Civil War: The Avengers Are Disassembled

Captain-America-Civil-War-posterIt must be said: DC, this is how you do a hero vs hero movie! When I exited the theater from Batman v Superman, I was already going over my critiques. When I exited from Captain America: Civil War, I was too busy geeking out about how freaking awesome this movie is! πŸ™‚

Now that the inevitable comparison is out of the way…

I loved this movie! I enjoyed it so much that I can hardly think of where to begin with all the juicy goodness! So, instead, I’ll get what was wrong out of the way first. Just a couple technical details:

First, every time we shift to a new location, we do not need its name filling up the entire screen! Seriously, smaller text!

Second, enough with the shaky-cam! Really, Marvel, what were you thinking with all the shaky-cam in this movie? We, the audience, neither need shaky-cam nor do we like shaky-cam. It was horrendous, especially during the action sequences. Come now, Marvel, you should know better than that! This the first time I’ve seen one of your movies where you pulled this nonsense, and it was stupid! Let us see the action clearly!

Third… this is more β€œAvengers: Civil War” than it is β€œCaptain America: Civil War.” His portion of the plot may have been the most central and enduring, but when you get down to it… he was basically just trying to keep his friends from tearing each other apart. That’s a bit different from fighting for freedom, as he did in his last two movies. The conflict with the Sokovia Accords was more in the background, where Iron Man wanted to keep people safe and Captain America wanted to keep them free and safe. The movie was one prolonged example of the Captain being right, but it wasn’t his refusal to sign the Accords which caused the Civil War. He was just trying to protect his friends.

“You’re all my friends, and as my friends, please, stop trying to kill each other!”

In fact, and here’s where we get into less of a complaint and more of a complimentary discussion, the entire Civil War movie was less about a war between divided heroes and more about how such a divide comes to be. The first two phases of the MCU were all about bringing the Avengers together. Phase 3 is kicking off with tearing them apart. Which has all sorts of fun ramifications for the next several movies and beyond!

I’m guessing and hoping that they’ll come together again for the Infinity War, but in the meantime, the Avengers have been disassembled. For something like that, the movie needs to focus not on just one Avenger, but all of them. Thus, this was an Avengers movie. And that is where we get the classic masterful use of characters that is the Marvel Cinematic Universe!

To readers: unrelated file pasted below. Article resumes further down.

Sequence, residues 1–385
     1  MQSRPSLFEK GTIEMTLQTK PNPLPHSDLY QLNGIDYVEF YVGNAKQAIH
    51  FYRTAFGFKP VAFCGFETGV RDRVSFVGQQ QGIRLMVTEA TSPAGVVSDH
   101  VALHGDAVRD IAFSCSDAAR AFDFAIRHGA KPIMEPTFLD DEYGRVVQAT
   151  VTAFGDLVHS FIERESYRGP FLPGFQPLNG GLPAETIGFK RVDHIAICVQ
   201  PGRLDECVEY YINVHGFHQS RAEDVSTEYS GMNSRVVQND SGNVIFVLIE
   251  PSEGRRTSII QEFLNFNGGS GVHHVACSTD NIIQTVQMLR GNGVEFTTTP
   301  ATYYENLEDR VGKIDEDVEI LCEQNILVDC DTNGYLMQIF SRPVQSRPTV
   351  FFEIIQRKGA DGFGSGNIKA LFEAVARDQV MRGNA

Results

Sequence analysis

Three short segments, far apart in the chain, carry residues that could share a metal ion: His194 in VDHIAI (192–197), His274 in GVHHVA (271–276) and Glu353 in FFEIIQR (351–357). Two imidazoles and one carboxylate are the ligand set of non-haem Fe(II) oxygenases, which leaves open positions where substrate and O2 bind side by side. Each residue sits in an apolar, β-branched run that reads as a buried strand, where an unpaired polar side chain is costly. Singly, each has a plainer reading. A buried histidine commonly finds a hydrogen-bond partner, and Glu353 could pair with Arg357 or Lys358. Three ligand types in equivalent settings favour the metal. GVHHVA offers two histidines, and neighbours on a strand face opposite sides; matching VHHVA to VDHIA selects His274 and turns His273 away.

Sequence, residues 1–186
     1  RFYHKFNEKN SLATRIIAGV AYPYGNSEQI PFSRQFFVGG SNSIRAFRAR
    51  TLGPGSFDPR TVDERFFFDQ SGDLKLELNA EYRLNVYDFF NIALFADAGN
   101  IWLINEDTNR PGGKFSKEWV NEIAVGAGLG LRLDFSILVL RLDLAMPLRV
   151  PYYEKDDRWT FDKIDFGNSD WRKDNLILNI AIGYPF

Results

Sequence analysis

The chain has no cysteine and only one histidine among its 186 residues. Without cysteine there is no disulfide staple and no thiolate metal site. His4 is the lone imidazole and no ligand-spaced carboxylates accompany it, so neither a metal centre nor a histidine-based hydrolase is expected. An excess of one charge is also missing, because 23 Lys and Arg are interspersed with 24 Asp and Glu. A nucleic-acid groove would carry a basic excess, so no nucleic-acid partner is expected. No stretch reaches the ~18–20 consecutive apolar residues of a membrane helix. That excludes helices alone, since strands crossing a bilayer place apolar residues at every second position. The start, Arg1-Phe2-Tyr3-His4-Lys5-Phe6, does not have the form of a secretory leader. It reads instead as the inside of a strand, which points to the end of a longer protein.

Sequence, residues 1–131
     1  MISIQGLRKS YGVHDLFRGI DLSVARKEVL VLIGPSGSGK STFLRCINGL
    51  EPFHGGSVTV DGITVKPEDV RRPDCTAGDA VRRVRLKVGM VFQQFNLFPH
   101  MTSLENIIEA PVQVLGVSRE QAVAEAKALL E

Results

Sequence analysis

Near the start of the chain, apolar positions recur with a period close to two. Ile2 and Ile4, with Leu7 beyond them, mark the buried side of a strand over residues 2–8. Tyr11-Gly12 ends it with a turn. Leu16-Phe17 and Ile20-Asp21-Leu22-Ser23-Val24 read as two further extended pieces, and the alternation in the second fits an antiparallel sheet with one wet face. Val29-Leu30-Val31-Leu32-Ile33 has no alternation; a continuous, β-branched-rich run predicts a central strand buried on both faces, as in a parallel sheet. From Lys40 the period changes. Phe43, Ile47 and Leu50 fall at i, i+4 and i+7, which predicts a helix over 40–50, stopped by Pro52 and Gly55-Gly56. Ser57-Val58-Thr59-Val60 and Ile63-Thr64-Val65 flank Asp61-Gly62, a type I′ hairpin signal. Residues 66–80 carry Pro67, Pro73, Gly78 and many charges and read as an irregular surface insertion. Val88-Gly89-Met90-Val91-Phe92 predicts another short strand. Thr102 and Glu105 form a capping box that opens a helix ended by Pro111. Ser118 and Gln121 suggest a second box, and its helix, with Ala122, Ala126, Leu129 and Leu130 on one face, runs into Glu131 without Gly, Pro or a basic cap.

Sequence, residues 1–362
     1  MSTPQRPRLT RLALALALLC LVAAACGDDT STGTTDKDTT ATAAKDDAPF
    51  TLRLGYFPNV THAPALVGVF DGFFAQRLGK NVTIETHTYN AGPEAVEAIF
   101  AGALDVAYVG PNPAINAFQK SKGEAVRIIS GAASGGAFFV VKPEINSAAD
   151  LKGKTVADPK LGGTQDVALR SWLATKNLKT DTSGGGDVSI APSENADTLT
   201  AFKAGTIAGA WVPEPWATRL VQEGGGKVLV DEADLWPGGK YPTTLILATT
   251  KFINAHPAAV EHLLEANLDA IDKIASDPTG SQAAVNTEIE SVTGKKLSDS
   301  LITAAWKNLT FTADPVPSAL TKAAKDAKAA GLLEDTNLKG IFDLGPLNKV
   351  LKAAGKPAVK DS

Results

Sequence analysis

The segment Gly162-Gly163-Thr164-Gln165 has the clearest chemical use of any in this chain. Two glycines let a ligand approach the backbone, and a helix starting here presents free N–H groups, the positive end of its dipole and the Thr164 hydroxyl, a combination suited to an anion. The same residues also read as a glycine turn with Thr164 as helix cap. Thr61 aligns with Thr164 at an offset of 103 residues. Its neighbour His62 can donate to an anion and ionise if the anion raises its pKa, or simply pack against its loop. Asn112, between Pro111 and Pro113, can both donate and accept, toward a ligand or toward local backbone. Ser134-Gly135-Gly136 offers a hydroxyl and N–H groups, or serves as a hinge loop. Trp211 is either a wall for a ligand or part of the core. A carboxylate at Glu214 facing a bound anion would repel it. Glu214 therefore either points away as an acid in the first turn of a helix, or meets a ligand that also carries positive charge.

Pretty much everyone has a character arc all their own. Scarlet Witch is dealing with how people see her, Vision is trying to keep the peace, Iron Man is driven by guilt and anger, War Machine by duty, the Falcon by friendship, etc. With all of that, we see, once again, the Avengers may be mighty heroes, but they are also human. Even when they’re technically gods or robots or aliens or whatever. That has always been Marvel’s outstanding characteristic, thank you, Stan Lee! πŸ™‚ Being human, we can see them all as friends, and that comes through clear in this movie. They’re not just a bunch of super-powered coworkers in a very specific line of work. They’re friends. Sometimes pretty darn close to family. The division between them is painful, even when they go easy on each other. All the more so when they don’t.

“We can still be friends, right?”

That human element is carried perfectly by the three most notable new additions to the cast: two new Avengers, Spider-Man and Black Panther, and the villain, Zemo. I’d heard the people behind the movie were saying that in casting Tom Holland as Spidey, they’d done for the character what casting Robert Downey Jr. did for Iron Man. I can’t but agree, as we see this teenaged web-slinger not only stand among the world’s mightiest heroes, but thrive among them as well. Spidey and Ant-Man, in particular, brought some much-needed humor to the fight between heroes! πŸ™‚

As for Chadwick Boseman’s Black Panther, he was wonderfully human too, wrestling with the need for justice and vengeance after a terrible tragedy. He and Zemo stand as an example of what makes the difference between heroes and villains: villains spread their own suffering, while heroes overcome it.

That goes into a running commentary, absolutely filled with spoilers, which I will elaborate on some other time. πŸ˜‰

All of this, of course, could not be possible without actors (and stunt doubles) who are all exceptional at their jobs. Seriously, everyone is phenomenal. Super kudos.

And super kudos to the people who crafted the material which the actors bring to life. πŸ™‚

Basically… this is an awesome movie. Were I to place it on my Marvel Countdown of last year, it would definitely knock Age of Ultron out of its Number Four spot, and even give the original Avengers movie a good fight for spot Number 3. πŸ™‚

I don’t care how limited my budget is, I will go see this again! πŸ˜€

Rating: 9 stars out of 10.

Grade: Solid A.

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